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5 Key Resourcing Factors to Consider with ICD-10

Published on November 11, 2014


With the ICD-10 implementation deadline less than a year away, this is a perfect time for a tune-up of your resourcing strategy. Coding demands due to strategic needs, performance goals, DNFB management, and ICD-10 compliance requirements needs to be matched against your current coding capabilities, capacity, turnover, and workflows. This process should take account of five key factors:

1. Location: The balance between onsite and remote coders is critical to maximizing productivity and maintaining quality. The coders’ environment should be comfortable to prevent fatigue and distractions (with dual monitors, wrist cushions, and adjustable work chairs). Frequent communication and feedback – for both onsite and remote coders – is essential to ensure an engaged, well-functioning staff. Global labor may be appropriate and cost-effective for simpler, outpatient worktypes, allowing current staff to focus on more complex tasks. Elements to consider before outsourcing include the need for follow-the-sun labor, a secure method for uploading and delivery of records, appropriate certification, and a guaranteed service level agreement.

2. Response: ICD-10 and ongoing payment reforms will only increase pressures for faster turnaround times and demands to keep DNFB and AR down. Here,an analysis of trends, seasonality and other factors that impact workflow can be helpful. A checklist of factors that can impact resources – such as vacations, attrition, retirements, and training – can help identify targets for action to optimize productivity.

3. Scalability: Once the resources have been analyzed to respond to organizational needs, active and ongoing capacity planning can ensure scalability. Most organizations use an overflow coding outsourcing group, but this process can be slow to respond. One option to consider is to outsource a specific body of work to a vendor. These committed resources can be more cost-effective than the constant change involved in unknown overflows. It can be easier to manage internal resources to meet needs while benefiting from guaranteed TAT and high quality from a committed arrangement.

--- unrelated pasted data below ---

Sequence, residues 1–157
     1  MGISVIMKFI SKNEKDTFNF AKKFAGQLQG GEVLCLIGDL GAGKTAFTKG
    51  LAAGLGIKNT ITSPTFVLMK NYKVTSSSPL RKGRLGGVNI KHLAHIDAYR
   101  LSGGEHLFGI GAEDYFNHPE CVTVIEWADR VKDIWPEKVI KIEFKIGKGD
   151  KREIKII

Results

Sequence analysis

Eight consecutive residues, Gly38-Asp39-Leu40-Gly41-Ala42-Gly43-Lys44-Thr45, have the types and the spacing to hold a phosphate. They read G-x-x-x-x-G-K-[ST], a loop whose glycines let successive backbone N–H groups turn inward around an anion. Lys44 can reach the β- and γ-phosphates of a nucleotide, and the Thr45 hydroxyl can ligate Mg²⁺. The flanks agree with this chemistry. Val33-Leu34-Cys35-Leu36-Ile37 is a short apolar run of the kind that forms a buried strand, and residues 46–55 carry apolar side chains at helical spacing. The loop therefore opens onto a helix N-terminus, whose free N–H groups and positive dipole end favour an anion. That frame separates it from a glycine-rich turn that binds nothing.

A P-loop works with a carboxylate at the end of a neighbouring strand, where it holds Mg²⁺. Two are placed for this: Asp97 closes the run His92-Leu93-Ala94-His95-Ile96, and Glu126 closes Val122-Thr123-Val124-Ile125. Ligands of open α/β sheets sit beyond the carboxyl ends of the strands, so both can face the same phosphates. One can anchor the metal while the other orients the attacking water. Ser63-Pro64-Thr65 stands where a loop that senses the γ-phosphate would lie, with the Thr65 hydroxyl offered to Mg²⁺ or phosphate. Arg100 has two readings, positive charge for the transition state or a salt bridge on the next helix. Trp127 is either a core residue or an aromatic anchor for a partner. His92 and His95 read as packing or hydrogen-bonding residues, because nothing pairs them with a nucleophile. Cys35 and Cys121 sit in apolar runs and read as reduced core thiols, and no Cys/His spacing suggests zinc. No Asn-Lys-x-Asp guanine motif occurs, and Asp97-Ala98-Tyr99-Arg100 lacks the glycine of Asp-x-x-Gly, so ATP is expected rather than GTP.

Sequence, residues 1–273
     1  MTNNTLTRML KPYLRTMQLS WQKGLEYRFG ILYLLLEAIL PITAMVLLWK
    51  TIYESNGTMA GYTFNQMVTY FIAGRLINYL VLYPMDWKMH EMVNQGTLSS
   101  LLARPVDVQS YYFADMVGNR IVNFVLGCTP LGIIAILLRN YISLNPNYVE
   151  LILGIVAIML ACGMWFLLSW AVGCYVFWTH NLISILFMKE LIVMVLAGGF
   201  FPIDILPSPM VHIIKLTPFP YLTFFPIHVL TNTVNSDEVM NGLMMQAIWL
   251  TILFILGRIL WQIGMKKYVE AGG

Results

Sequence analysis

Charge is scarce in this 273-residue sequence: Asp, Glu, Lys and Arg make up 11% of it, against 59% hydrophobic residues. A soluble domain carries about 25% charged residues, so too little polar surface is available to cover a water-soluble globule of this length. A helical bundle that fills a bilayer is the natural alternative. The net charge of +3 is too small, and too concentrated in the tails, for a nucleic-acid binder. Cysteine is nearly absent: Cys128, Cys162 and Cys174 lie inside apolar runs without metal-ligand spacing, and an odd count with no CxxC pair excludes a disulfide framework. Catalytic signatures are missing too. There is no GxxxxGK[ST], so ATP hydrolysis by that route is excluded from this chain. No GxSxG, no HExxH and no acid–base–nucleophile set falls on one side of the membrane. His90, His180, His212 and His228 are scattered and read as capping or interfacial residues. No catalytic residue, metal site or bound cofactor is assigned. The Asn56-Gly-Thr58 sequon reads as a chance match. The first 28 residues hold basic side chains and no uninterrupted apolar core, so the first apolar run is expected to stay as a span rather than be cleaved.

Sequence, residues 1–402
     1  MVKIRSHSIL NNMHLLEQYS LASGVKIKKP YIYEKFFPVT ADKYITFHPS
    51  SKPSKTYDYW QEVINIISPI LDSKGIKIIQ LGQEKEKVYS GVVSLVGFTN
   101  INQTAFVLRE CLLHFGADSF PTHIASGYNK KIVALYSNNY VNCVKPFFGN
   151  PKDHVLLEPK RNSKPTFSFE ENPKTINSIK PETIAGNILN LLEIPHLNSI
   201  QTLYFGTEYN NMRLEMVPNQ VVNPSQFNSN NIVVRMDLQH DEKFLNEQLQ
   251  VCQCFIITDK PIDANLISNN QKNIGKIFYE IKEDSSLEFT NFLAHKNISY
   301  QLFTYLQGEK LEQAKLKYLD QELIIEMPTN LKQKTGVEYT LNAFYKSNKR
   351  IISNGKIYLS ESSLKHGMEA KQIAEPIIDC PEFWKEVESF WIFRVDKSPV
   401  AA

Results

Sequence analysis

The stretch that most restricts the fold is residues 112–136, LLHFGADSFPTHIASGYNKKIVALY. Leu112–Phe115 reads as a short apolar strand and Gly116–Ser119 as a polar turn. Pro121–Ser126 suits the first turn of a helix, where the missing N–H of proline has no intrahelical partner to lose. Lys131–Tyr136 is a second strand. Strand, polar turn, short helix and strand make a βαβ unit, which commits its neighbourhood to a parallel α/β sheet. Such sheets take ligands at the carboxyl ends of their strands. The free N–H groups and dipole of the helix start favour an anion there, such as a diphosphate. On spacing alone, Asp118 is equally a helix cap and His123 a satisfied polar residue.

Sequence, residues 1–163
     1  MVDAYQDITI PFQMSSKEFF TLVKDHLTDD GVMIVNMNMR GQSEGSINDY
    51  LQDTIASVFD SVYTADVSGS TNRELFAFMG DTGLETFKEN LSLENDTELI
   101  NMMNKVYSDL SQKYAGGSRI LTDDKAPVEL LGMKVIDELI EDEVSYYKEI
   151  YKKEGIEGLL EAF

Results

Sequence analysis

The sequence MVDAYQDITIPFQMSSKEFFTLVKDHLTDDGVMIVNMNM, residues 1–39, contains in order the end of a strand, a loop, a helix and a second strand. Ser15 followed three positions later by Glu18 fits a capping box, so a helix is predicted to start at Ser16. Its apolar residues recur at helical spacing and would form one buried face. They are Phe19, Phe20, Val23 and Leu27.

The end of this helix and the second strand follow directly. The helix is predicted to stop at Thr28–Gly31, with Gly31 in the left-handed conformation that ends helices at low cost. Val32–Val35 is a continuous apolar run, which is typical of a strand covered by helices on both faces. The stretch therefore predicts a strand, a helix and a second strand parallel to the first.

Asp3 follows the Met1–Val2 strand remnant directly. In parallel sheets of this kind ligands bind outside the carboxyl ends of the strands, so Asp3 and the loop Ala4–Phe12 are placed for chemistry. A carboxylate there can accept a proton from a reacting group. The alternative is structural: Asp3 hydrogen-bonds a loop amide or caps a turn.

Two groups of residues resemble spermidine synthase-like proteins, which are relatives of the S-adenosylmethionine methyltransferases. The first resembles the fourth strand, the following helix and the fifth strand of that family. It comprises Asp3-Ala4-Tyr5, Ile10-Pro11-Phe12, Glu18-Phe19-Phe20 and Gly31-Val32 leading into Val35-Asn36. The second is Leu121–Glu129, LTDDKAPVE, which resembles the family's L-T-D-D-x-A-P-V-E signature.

Overall, when considering deployment options, balance – between requirements and capacity, capabilities and needs, and internal initiatives and future demands – is vital.

4. Organizational Expertise: There is much to be said for keeping complicated work in-house for the organization’s best and brightest. The need for planning remains, however, to ensure an understanding of where – and why – staff are most productive. Intangibles come into play here, including familiarity with individual physicians’ work practices, insights into hospital processes, and the ability to leverage existing relationships for CDI. It may be useful to move CDI efforts upstream so the downstream impact is minimal, working concurrently with the CDI team where possible.

5. Clinical Experience: Use of a matrix can be helpful in fully understanding and visualizing the clinical expertise of coders, which now goes way beyond inpatient vs. outpatient. Outpatient coding has become complex, with Observation, Same-Day Surgery, Diagnostic, Procedural and Specialty worktypes. These demand high levels of expertise and training. Added to this is the fact that coders may be more comfortable with some types of charts than others. This analysis of staff expertise can pay dividends in preparing for future needs.

Overall, when considering deployment options, balance – between requirements and capacity, capabilities and needs, and internal initiatives and future demands – is vital. A thorough understanding of how factors such as location, scalability, and expertise impact coders’ productivity and performance enables resources to be tuned accordingly. While ICD-10 caused many to hit the brakes in their preparations, now is the time to ease back into gear and accelerate the resource planning process.